A Closer Look at the 2016 Real Estate Market

December 2016 capped a strong fourth quarter, one that nearly eclipsed the first three of the year. While it wasn’t enough to pull 2016 up to the levels of the prior two years, the final four months of 2016 nearly equaled the first eight, as election-year hesitation was replaced by some pent-up demand. Aspen’s considerable 12-month drop seemed to have as much to do with weak inventory as election-year jitters, so we’re pleased to see the increase in single-family home inventory — increasing demand should allow prices to stay strong. With adequate inventory and its comfortable price advantage over Aspen, Snowmass maintained its performance, actually growing dollar volume by 3%. Basalt also fared well, especially in average sales prices which, overall, grew by an impressive 13%.


2016 was a bit of a setback in the gradual recovery happening in the valley for the last six to eight years (and which had begun to grow some serious legs in 2014). Last year began with a significant first-quarter drop that had a few of our local quasi-statisticians reporting that the sky was falling. Though it wasn’t an uncharacteristic first quarter (there had been eight lower quarters out of 28), when the second quarter was little improved, the most sensible explanation fell on the uncertainty generated by a very unusual election year. As each quarter improved with the approaching vote, this reasoning became more well-founded. When the dust settled, the fourth quarter finished as the third most active, with the sixth highest dollar volume, since 2007 … hardly a beacon, but with that continuously strengthening upward trend, not a bust either.

Snowmass dollar volume reached its best level since the collapse, about 55% of the former peak. Basalt continued to maintain about 60% of peak, where it has been for about two years. And while Aspen’s activity dropped to 2011 levels, volume only slipped back to 2014 numbers, about 65% of peak. All of this combined to create a valley adjustment to mid-2014 levels, but with overall activity and volume increasing 70% and 100% respectively in just four quarters, we expect 2017 to continue moving toward new post-recovery highs.

11yr residential sales volume graph

What really happened in 2016, and what does it suggest for the future? Let’s take a look:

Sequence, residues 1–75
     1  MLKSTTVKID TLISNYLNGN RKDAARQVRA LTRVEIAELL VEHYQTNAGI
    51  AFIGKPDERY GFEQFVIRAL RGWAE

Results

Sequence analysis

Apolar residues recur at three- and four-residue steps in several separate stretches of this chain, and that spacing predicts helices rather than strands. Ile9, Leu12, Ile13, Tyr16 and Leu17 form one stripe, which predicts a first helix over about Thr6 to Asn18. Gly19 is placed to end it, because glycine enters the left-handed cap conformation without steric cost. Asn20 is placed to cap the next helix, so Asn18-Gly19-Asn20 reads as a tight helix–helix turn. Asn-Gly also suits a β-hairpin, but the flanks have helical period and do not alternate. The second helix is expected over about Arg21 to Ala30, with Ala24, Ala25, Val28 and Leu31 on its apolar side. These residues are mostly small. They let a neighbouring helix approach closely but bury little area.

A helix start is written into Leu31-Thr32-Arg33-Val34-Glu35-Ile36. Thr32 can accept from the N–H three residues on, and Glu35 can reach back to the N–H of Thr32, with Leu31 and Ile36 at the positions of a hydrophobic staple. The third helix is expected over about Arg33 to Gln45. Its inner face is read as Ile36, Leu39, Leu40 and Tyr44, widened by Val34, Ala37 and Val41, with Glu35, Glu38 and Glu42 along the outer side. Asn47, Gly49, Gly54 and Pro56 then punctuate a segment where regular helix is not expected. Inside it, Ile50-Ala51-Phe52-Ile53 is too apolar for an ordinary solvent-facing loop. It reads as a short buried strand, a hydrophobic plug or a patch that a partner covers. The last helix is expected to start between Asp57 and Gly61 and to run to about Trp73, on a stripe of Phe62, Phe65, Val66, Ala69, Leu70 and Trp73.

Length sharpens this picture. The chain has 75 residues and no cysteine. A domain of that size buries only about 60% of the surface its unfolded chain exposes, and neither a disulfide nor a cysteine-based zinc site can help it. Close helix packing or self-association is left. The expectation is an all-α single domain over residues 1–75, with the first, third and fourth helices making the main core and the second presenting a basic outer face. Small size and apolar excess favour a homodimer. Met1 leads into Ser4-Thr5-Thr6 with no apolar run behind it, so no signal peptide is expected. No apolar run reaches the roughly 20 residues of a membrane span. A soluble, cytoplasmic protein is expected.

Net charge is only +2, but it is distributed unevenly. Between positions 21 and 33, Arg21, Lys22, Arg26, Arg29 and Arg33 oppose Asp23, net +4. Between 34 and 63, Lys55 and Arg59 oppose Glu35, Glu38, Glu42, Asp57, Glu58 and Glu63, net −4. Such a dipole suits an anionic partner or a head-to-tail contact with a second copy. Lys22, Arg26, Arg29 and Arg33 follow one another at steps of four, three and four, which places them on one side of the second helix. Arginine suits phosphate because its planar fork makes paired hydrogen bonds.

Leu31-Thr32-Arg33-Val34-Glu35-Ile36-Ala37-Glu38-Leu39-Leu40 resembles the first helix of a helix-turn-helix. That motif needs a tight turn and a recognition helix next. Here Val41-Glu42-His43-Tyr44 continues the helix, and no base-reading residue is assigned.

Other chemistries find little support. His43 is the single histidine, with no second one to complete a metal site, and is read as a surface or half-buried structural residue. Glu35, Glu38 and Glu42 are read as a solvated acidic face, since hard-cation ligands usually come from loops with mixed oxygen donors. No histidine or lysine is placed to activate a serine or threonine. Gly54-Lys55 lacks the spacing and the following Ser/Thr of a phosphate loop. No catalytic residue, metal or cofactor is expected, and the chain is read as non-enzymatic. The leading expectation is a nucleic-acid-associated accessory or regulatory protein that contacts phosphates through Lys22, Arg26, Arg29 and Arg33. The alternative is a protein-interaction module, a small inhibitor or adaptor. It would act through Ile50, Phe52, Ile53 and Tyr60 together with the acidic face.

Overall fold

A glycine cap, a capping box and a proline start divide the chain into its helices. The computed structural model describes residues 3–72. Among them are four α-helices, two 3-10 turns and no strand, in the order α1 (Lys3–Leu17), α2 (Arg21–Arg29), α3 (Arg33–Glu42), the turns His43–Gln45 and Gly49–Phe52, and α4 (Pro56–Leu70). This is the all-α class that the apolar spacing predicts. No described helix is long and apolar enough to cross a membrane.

At the heart of the adjustment was Aspen’s drop in business. Snowmass and Basalt were far less affected by the market pullback. It’s important to realize that Aspen not only produces the lion’s share of the market but is, as you may note from the graph above, considerably more volatile, quarter to quarter, than the rest of the valley.

Secondly, and also noticeable in the graph, 2014 and 2015 produced significantly higher activity and dollar volume for seven quarters. This volume was concentrated in Aspen, and was the result of renewed interest in the luxury end of the market, which not only nearly doubled the number of $7.5M+ properties sold during that time, but also dramatically increased the sales of building sites as developers stockpiled that inventory. And once they had acquired most of those sites, that segment of sales stopped. So part of the pullback was a fairly natural reduction of some high investor activity in the previous year.

Third was the election. Election years are always disruptors in the market, often due to simple uncertainty which makes people put off decisions. By the fourth quarter, however, activity and volume levels had risen to classify it as the sixth best quarter since the collapse. And actually, it was the second-greatest four-quarter increase in the last decade.

Will the improvement continue? Here’s why we think so:

  • Average prices/square foot have continued to strengthen throughout this recovery, despite the ups and downs of activity.
  • Asking prices have become more realistic as the recovery progressed, and sellers are still adjusting those that are high. In December, there were 56 price adjustments; 50 of those were price reductions, averaging 6%.
  • Most economic indicators have continued to improve in the US in 2016.
  • The trend line above, as well as our internal market index, suggests price escalations in some segments of the valley on the order of 10-15% are possible in the coming year.

Market 2016 chart from CC


  • Sellers of single-family homes in Snowmass priced under $2.5M or between $5M and $7.5M have the least competition from existing inventory as well as demand that exceeds the supply.
  • Also in Snowmass, any residential property priced between $750-1250/sf has a high absorption rate.
  • In Aspen, the absorption rate is highest for homes priced between $2.5M and $5M, and for condominiums under $3M. Single-family homes between $7.5M and $10M have maintained a sustained level of demand, although the supply of those homes is presently quite high. In general, the most sought-after properties, at present, are priced either below $750/sf or above $1750/sf (after that, $750-1250/sf has the highest absorption rate).
  • Basalt continues to have good absorption rates across the price spectrum, although sellers with properties priced under $600/sf or below $1M have the most chance of selling.


  • For sure Snowmass, most property in Snowmass, which is about to bust out of its doldrums due to the recent transfer of ownership of Base Village and upcoming developing activity there. 
  • The inventory of Snowmass ski-accessible homes currently averages under $1000/sf, which is very attractive, while Aspen prime location home inventory averages $1700-2300/sf (and no ski access!).

Berkshire Hathaway HomeServices Aspen Snowmass Properties offers a full range of market reports and detailed analysis using exhaustive sets of statistics. Click here for the complete Aspen Report, a 12-month perspective updated monthly.

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